HOUSTON -- During the 2016 New England Patriots season, a pregame tradition between a father and his two sons highlighted why Bill Belichick has called the team’s run to Super Bowl LI “special” and “unlike any other.”
Shortly after Belichick arrives at a visiting stadium, he walks to the field and gives himself a chance to take it all in. Steve Belichick, Bill's oldest son, who is finishing his fifth year on staff and first as safeties coach, is always by his side. Sometimes Brian Belichick, Bill's youngest son, in his first season as a full-time personnel assistant, joins them.
If you tune in to pregame coverage of Super Bowl LI on Sunday, you should see this family gathering.
“I enjoy that a lot,” Bill told ESPN.com, stepping away from the media frenzy this week to share his thoughts on those father-son meetings. “It goes back to when they weren’t in these positions and they’d come to the game and not have a role in the game. Now we go out on the field, walk around, and talk about the game or whatever. There are some great pictures of us doing that.”
A notable one came in the 2016 season opener, when the Patriots returned to University of Phoenix Stadium to face the Arizona Cardinals. It was the Patriots' first trip back to Arizona since they defeated the Seattle Seahawks in Super Bowl XLIX.
Bill Belichick speaks with sons Brian (far right) and Steven, and right-hand man Berj Najarian, on the field. pic.twitter.com/wmrB3rvTIE— Mike Reiss (@MikeReiss) September 11, 2016
One of the obvious things they discussed was the spot where cornerback Malcolm Butler made his game-saving interception.
“It’s really special for me, those times with my dad before the game,” Steve said. “Call it the calm before the storm. There really aren’t that many people out on the field at that time, just kind of us, a couple grounds crew guys.”
The reminiscing mostly brings back some special memories.
Bill Belichick, with sons Steven & Brian, as well as special teams coach Joe Judge, assess field/weather conditions. pic.twitter.com/yqiGNkI7k0— Mike Reiss (@MikeReiss) January 1, 2017
“Sometimes we talk about other games. In Giants Stadium [now MetLife], we talk about the Giants. Or when we played the Saints, talk about Super Bowl XXXVI -- this is the corner where David Patten ran the out-and-up, and stuff like that,” Bill said.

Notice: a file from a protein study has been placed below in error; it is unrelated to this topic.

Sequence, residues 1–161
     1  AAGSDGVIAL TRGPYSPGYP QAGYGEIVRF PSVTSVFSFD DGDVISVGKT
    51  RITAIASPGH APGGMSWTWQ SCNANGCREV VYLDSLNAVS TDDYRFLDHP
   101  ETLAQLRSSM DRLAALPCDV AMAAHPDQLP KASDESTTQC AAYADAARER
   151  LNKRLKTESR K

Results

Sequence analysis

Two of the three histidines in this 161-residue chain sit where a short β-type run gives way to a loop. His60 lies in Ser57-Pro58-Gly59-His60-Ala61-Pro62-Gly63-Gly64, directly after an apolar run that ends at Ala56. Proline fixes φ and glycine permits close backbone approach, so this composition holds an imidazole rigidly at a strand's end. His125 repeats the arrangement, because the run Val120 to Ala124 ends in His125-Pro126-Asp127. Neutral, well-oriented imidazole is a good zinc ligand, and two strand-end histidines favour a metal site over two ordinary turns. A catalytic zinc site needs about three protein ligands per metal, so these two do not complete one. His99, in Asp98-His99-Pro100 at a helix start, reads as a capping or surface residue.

“They remember a lot of things I don’t, of course, because they are smarter and have better memories than I do. So they might ask, ‘What about in this stadium, the play that...’”
Bill Belichick with sons Steven & Brian on Levi's Stadium field. This has become a bit of a pre-game ritual for them pic.twitter.com/CxfYEj7B3I— Mike Reiss (@MikeReiss) November 20, 2016
During the team’s October visit to Cleveland, for example, Steve reminded his father about the time he broke a chair in the locker room in his final years as Browns coach. Belichick’s Browns team had lost to the expansion Jacksonville Jaguars 23-15, and he was furious as Cleveland’s record dipped to 3-4.
Two weeks later, owner Art Modell announced that he was moving the Browns to Baltimore.
Steve was 8 at the time, but he remembers that -- and the broken chair. Bill smiled as he told the story this week, a reminder of how much he's enjoying reliving those days through the prism of his now 29-year-old son. Steve served as a general coaching assistant from 2012 to 2015 before being promoted to safeties coach before the 2016 season.
While their pregame meetings on the field provide a fun trip down memory lane, there is also a business element to them.
“We like to check the playing surface. That’s one thing he’s definitely taught me -- every surface is different: Is it hard, is it soft, is it slick? Was it just resodded if it is just grass?” Steve said.
Bill and Steve Belichick, in what has become a bit of a father-son routine, return from checking field conditions. pic.twitter.com/y1NSdlkxMl— Mike Reiss (@MikeReiss) October 30, 2016
Once they get through that, though, the moment is mostly about filling up the memory bank.
“That’s what we do. Trust me, I forget a lot of stuff too, and he bounces them off me,” Steve said. “Those times I spend with my dad are really nice. It’s cool to be there with my dad reminiscing. You get all those memories out before you can lock in.”